Watson & Daglish see Daglish, Robert
Weardale Coal & Iron Co. Ltd., Tudhoe
One 0-6-0ST with outside cylinders built in 1873 for company's own use (No. 15). Nos 6 and 20 may have been constructed at Tow Law Ironworks in 1860s.
Weir, G. & J., Cathcart, Glasgow
Manufacturers of pumps to supply water at high temperatures into boilers. James Weir and his brother George had in 1873 launched a marine engineering and maintenance company; James patented several inventions (including the Weir feed-pump), which in 1886 the brothers began to manufacture in a machine shop and smithy at Cathcart near Glasgow. These premises were developed into the Holm Foundry, and the business of G. and J. Weir was formed into a limited liability company in 1895. From ODNB biography of William Douglas Weir by Richard Davenport-Hines Weir feed pumps used by Gresley on 2-8-0s (Groves) and by Lawson Billinton on K class 2-6-0s for LBSCR. Rich Yesterday no more p. 109
Welsh Industrial & Maritime Museum, Museum
Engineering Workshop, Bute Street, Cardiff
Lowe's Supplement: Museum assembled a replica of the Penydarren locomotive.
West, William. & Sons, St Blazey Foundry,
Founded in 1848, Firm contracted to work the broad gauge Newquay & Cornwall Junction Railway which opened in 1869. Lowe states that Phoenix may have been constructed there, and possibly Cornwall and Roebuck.
Wheatley, Thomas, Grimsby
Lowe cites A.R. Bennett's Chronicles of Boulton's Sidings to show that Wheatley built 0-4-0ST Perseveranace in 1858. It had jackshaft drive. KPJ: could this have been the Thomas Wheatley?
Whinfield, John, Gateshead See John Whinfield
White, John Bazley & Bros. Swanscombe
0-4-0WT Gravesend built in 1898 probably mainly from existing parts. Company became part of Associated Portland Cement.
Whitehaven Collieries, Whitehaven
Taylor Swainson built a locomotive Iron Horse for use at Whitehaven Collieries, but it damaged the track. Lowe cited Dendy Marshall: History of railway locomotives...
Wickham, D. & Co., Ware
Manufacturer of internal-combustion engined railcars and small locomotives: see for instance Loco. Rly Carr. Wagon Rev., 1931, 37, 46
Wigan Coal & Iron Co.
Locomotives were constructed at the Kirkless workshops which had opened when firm was known as Kirkless Coal & Iron. Locomotives were built between 1865 and 1912 and had Crewe characteristics as C.M. Percy had spent some time at Crewe works before locomoitve construction began. Nasmyth Wilson built four locomotives to same design between 1892 and 1902. Lowe lists output. Fig. 303 shows Crawford of 1883. See also Rly Mag., 1971, 117, 18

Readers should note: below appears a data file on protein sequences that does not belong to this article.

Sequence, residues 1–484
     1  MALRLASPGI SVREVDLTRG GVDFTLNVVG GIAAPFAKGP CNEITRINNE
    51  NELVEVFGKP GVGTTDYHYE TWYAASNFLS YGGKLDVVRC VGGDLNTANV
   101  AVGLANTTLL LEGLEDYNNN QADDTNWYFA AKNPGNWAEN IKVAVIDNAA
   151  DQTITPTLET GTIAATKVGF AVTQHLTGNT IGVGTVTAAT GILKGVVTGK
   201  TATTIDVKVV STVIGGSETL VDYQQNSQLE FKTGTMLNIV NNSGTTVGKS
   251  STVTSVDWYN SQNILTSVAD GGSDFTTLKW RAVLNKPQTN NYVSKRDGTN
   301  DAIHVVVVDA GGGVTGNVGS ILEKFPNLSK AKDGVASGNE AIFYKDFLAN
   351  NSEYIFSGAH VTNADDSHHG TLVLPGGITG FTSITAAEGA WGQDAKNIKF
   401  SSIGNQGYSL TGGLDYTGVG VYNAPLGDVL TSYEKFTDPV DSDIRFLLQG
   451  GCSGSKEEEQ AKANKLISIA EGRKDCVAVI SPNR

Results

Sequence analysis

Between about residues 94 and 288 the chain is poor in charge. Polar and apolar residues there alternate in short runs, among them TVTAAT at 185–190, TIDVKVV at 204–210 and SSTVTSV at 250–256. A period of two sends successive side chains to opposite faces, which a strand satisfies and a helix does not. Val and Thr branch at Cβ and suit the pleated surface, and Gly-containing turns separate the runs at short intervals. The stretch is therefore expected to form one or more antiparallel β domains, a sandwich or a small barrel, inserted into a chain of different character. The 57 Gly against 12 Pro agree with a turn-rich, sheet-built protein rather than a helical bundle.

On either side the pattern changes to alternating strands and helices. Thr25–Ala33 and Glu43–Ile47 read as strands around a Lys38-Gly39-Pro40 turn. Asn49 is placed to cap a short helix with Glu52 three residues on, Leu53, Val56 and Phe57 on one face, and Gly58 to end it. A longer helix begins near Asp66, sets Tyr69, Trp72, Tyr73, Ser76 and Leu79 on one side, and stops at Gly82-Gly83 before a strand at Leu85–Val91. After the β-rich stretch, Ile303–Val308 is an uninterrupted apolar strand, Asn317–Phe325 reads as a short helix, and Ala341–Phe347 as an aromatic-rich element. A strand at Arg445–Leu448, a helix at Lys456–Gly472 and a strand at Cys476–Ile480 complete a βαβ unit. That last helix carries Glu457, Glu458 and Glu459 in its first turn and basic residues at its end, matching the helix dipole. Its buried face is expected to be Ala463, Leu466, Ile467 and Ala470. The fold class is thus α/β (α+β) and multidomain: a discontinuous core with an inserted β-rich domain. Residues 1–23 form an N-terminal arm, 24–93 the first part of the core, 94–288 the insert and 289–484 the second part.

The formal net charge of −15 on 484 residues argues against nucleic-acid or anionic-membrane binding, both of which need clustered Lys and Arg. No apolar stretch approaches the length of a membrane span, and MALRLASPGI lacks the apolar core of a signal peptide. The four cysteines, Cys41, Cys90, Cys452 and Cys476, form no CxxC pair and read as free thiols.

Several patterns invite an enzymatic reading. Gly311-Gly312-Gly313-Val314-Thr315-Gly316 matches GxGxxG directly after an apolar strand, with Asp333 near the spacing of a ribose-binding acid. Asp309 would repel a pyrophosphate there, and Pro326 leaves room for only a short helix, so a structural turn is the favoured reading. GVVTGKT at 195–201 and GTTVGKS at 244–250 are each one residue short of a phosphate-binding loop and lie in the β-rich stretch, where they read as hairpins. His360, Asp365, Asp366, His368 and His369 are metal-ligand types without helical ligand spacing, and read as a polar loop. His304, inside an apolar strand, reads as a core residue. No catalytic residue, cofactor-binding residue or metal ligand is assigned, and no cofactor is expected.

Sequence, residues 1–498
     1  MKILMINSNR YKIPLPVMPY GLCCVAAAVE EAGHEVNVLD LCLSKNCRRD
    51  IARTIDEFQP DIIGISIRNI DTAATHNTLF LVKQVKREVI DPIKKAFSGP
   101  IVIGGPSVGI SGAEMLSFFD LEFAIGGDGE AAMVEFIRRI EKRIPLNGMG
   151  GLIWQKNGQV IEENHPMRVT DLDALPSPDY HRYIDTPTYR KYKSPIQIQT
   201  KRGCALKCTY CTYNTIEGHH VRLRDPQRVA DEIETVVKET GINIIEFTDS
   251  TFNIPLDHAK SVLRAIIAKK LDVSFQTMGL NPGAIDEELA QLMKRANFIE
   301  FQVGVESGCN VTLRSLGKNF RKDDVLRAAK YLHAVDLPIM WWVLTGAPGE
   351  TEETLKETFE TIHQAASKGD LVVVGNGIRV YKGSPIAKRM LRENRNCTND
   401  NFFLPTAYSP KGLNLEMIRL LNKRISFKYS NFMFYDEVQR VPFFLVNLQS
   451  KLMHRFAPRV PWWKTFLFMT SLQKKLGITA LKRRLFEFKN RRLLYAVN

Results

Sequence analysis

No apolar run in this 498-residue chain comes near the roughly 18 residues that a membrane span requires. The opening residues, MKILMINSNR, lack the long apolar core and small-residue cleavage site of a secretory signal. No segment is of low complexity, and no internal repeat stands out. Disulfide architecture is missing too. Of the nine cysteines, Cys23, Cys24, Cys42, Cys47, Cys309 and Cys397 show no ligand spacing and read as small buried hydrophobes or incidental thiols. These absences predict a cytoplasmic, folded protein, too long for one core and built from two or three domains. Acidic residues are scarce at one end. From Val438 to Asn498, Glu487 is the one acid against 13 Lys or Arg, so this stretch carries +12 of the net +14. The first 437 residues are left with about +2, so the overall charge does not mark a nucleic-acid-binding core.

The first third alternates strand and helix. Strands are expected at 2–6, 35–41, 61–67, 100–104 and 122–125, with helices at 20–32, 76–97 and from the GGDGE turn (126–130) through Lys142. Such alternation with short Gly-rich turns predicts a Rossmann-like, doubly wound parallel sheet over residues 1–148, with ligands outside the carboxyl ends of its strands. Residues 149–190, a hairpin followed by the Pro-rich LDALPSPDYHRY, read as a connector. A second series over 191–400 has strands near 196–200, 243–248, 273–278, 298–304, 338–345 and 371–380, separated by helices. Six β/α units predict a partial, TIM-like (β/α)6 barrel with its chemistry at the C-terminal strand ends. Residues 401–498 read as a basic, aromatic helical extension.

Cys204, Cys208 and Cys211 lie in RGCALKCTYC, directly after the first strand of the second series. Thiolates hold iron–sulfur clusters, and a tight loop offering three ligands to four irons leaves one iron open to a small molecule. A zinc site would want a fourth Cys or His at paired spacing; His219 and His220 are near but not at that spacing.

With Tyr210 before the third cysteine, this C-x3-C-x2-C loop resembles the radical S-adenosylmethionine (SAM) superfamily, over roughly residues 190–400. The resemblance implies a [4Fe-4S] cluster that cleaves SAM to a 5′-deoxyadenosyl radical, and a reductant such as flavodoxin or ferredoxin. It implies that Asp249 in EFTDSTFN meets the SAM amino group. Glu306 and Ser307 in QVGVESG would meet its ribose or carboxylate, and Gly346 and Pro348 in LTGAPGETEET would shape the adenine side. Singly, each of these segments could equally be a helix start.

Wilkinson, William, Holmehouse Foundry,
In 1881 manufactured a steam tram locomotive with a vertical boiler and geared transmission. This was evaluated on the Wigan & District Tramways. A patent was obtained and the type was built by Beyer Peacock, Black Hawthorn and by Thomas Green. Sixty one were produced at Holmehouse Foundry. Customers included the Giants Causeway Tramway (1883 and 1896) and the Alford & Sutton Tramway (in 1883, supplied by Beyer Peacock)
Wilson, E. B. & Co., Railway Foundry Leeds
Wilson, J. H. & Co. Ltd., Sandhills,
Outside cylinder geared 0-4-0T Mole supplied to Welsh Slate Co c1875. Had a marine type boiler. Lowe cites J.I.C. Boyd, Railways, 1951 (Nov) and Ind. Rly Rec., No. 34
Wilson, Robert & Co., Forth Street,
Stockton & Darlington Railway No. 5 Stockton manufactured in March 1826. Four-cylinder locomotive: each wheel set driven separately. Rough sketch by Marc Seguin. Involved in a collision in Otober 1826 and boiler used by Hackworth for Royal George in 1827. See also entry for Robert Wilson.
Names beginning Wo
Woolwich Arsenal, Woolwich
Lowe covers Woolwich Arsenal like any other manufacturer of locomotives noting how manufacture was started there in an endeavour to avoid large scale unemployment at the end of WW1. The SECR N class was selected (it had nearly been accepted by ARLE as one of a series of standard designs). Manufacture started but no purchasers could be found. Fifty were eventually acquired by the Southern Railway. Sets of parts were also supplied to the Metropolitan Railway and to the Great Southern Railway, and some went to Romania.
Lowe quotes contemporary comment: